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Fixative (drawing)

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Subject: Drawing, Fixative, Textile printing, Charcoal
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Fixative (drawing)

In drawing, a fixative is a liquid, similar to varnish, which is usually sprayed over a finished piece of artwork, usually a dry media artwork, to better preserve it and prevent smudging.

Modern fixatives are usually alcohol based, and hydrocarbon propelled. Certain manufacturers produce fixatives specified for a certain media only, such as soft pastel fixatives. Modern fixatives are elevated in quality in terms of transparency, colourless, age-resistant and UV resistant to prevent yellowing and fading caused by exposure to light.

Fixatives are more often than not highly toxic and potential health hazards to the respiratory system, hence should only be used in a well ventilated area. Such fumes may also cause irritation to the eyes. Hydrocarbon contents are also flammable and should not be placed near an open flame or any incandescent sources.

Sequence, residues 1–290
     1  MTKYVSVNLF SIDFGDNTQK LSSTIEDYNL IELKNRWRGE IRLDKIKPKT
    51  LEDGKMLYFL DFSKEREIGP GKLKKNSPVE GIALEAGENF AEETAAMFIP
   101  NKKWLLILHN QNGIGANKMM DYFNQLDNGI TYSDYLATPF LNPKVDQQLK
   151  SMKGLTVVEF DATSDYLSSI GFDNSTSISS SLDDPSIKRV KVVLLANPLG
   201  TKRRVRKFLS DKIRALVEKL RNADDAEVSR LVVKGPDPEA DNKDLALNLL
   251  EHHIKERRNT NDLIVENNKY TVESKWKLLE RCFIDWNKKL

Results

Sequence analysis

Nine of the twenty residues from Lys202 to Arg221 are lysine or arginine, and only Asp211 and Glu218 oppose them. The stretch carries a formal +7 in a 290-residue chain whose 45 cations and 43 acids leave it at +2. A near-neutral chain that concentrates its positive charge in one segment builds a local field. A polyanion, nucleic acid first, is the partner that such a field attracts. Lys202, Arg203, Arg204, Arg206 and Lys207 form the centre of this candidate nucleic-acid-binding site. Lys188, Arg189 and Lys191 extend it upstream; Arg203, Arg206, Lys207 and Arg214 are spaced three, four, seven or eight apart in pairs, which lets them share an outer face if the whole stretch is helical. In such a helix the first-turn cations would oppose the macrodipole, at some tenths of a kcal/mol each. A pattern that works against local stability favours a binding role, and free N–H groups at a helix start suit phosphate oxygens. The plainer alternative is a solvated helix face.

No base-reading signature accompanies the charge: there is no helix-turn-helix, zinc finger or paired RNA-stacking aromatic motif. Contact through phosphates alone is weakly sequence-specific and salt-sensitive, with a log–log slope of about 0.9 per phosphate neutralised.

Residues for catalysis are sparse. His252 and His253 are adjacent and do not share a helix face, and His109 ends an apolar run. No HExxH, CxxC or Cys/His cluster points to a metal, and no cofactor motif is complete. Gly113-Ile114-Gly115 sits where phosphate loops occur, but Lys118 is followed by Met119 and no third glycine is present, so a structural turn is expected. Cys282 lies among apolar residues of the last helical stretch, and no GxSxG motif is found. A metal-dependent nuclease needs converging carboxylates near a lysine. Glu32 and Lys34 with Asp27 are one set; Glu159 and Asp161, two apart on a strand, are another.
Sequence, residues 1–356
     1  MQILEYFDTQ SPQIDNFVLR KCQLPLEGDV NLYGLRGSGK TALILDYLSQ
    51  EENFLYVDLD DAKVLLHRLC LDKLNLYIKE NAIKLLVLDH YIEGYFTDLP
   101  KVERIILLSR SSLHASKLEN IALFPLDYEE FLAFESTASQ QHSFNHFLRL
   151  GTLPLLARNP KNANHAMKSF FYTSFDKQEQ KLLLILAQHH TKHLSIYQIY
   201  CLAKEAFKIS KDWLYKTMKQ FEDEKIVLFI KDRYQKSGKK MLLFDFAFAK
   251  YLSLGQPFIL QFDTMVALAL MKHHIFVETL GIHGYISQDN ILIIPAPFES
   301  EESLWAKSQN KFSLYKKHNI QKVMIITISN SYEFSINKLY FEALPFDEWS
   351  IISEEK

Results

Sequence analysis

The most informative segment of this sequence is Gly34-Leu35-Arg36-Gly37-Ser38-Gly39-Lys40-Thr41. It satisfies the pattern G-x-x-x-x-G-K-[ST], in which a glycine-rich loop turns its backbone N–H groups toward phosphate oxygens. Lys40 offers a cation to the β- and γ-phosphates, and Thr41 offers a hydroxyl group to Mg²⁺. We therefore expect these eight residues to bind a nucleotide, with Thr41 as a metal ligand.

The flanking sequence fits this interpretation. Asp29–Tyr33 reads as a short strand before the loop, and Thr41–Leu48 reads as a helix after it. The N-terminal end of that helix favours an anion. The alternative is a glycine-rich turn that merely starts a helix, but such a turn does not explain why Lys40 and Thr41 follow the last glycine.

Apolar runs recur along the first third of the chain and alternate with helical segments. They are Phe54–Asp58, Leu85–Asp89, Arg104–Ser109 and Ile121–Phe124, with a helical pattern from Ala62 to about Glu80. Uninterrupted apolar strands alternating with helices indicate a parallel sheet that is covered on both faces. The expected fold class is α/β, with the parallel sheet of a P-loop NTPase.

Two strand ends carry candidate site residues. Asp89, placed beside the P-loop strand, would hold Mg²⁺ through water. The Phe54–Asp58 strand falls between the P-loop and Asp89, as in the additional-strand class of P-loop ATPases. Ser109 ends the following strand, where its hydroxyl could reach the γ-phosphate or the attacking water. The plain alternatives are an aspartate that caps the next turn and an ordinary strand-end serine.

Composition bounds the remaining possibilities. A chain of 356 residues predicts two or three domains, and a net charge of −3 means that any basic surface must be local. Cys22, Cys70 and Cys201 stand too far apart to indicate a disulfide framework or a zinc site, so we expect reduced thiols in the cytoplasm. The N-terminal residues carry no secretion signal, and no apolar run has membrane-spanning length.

Artwork media requiring fixative include drawings done in pencil, charcoal, and pastel. An artist will often fix layers of a work in progress, in order to easily add further layers. Such a technique requires a workable fixative. Fixative is most commonly available in aerosol sprays. Fixative can also come in a liquid form that can be used from the bottle via a manual spray diffuser. This form is better for one's lungs and has less of an impact on the environment.

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